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IAN PENGELLEY EXPERIMENTS WITH PAN-ASIAN CUISINE

Ian Pengelley’s latest venture Beyond London on High Street Kensington blends restaurant with laboratory as he experiments with new, elaborate Pan-Asian recipes

If ever you’re starting to feel jaded with the city’s restaurant scene, it’s worth remembering that there is now a place that serves food with an origami menu, which you will need a special magnifying glass to decipher. It’s a place where innovation will be as important as the quality of the food. The establishment, aptly named ‘Beyond London’, is the newest offering from chef Ian Pengelley, who, after several years at Camden’s epic Gilgamesh, is now operating a mini-empire that includes Chai Wu at Harrods and a role as consultant chef at Belgravia’s Mango Tree, as well as being a partner in Soho’s House of Ho.

Pengelley, who claimed that he wanted to ‘bring some excitement’ to food, has ambitious plans. As he says, ‘High Street Kensington doesn’t really have any places like this, so our biggest challenge is getting the locals behind us. We’re taking a risk with the market by bringing something new, fresh and out of the ordinary.’ This will consist of what he describes as ‘the Pengelley classics’, but also ‘fun items like the origami menu, liquid nitrogen with the food and ‘out there’ presentations.’

He has known the team behind Beyond London for six years, and described it as, ‘a really cool project, so it was hard to pass it up’. To this end, he’s been taking inspiration from the German chef Michael von Hruschka at The Birdcage, whom Pengelley says, ‘does a lot of interesting stuff. The food and drinks are incredibly creative so it’s also an extension of that creativity and it makes dinner a bit more playful.’

At Beyond, he’s working closely with mixologist Andy Mill. It’s a collaboration that’s going to be central to the project; as Pengelley puts it, ‘It’s been great to work alongside Andy, he’s a star and a genius. We get on really well and consistently bounce back ideas off of each other to see what will work and how we can push things even further.’ It promises to be a rather different prospect from Chai Wu or Mango Tree. Pengelley describes the cuisine as ‘not traditional Thai or Chinese food, it’s about taking the best dishes from my travels – from Shanghai to Tokyo – all of my favourite dishes and giving them the Pengelley twist. It’s all about food that’s really well done, elegant and sexy.’

He’s excited about his latest Kensington project, not least because it’s an area that he calls ‘a great location, full of great people who know great food’. It wasn’t always thus; an earlier project, the Gordon Ramsay-backed Pengelley’s on Sloane Street, was a flop, and as he candidly says, ‘I lost everything and thought it was over… I was very naïve when I worked there.’ It taught him the important lesson of partnering with people who had a similar style and aesthetic to his brand, but thankfully there was a swift upsurge in his fortunes, ‘two months later, I was winning awards, so it was a great comeback.’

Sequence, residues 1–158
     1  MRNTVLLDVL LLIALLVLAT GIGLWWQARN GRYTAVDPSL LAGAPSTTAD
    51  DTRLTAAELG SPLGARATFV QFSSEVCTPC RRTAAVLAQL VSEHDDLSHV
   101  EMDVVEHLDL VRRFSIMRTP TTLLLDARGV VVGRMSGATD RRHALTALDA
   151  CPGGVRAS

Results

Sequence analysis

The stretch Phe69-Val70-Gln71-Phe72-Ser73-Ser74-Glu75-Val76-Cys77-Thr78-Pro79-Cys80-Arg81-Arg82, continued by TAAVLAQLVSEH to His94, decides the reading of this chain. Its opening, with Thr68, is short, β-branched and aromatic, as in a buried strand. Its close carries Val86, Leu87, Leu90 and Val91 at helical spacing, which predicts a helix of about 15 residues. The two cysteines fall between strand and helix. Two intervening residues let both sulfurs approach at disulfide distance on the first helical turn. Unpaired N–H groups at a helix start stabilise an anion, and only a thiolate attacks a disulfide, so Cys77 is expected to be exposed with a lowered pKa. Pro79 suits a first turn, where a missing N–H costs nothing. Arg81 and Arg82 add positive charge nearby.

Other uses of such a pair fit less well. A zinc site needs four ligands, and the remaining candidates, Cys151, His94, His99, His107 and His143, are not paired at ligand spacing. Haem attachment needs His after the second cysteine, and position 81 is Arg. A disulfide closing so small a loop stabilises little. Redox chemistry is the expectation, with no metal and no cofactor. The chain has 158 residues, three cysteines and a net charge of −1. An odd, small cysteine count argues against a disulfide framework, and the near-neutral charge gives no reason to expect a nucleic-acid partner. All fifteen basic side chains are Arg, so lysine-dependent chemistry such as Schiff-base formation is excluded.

Beyond London

The restaurant has a clubby atmosphere

Today, he’s at the top of his profession, and he ascribes his interest in Asian food to growing up in Hong Kong. ‘I moved there when I was seven, and my mum took myself and my siblings downtown. It was an unforgettable experience. It attacked your senses – fish markets and meat markets everywhere: what I saw, heard and could smell was from another world. I ran into a Chinese kitchen and an old Chinese man sat me on a stool and served me, a little ginger kid, some fried duck. That had a massive impact on me. Between the smells, the people, the food and seeing it all prepared with blow torches or fried was such a great experience for a young kid.’ After working as a kitchen porter, he was given his first break young and has never looked back. ‘I love the creativity of it, and the camaraderie in the kitchen. I even love the hours.’

Pan-Asian cuisine is now, of course, a mainstay in London restaurants, and this is something that delights Pengelley. ‘When I started out in Notting Hill at E & O, Pan-Asian was super cool but now it’s exploded. It’s everywhere – you’ve got Peruvian Japanese, Californian Japanese – you’ve got all sorts of variations and imitations. Pan-Asian is always going to be popular, it’s light and healthy. Asian cuisine has transformed from takeaways with MSG to an interactive, healthy and friendly way of eating and the British public have taken to it.’

It’s because of this success that he has such a full schedule of things coming up, including more involvement with the House of Ho, work with Oceana Cruise Lines, a possible opening in Miami and even a potential expansion for Beyond London – fittingly, given its name; a state of affairs that he describes as ‘a very busy time, but very exciting.’ But first of all, there’s Christmas, and how will a no-doubt relaxing Pengelley spend it? ‘I’ll be working, but also spending time with family. Lots of eating, drinking and sleeping – not necessarily in that order!’ One can hardly begrudge him the chance to end a memorable 2015 in such a fashion.

Beyond London, 1A Kensington High Street W8 5NP; beyond-lounge.com

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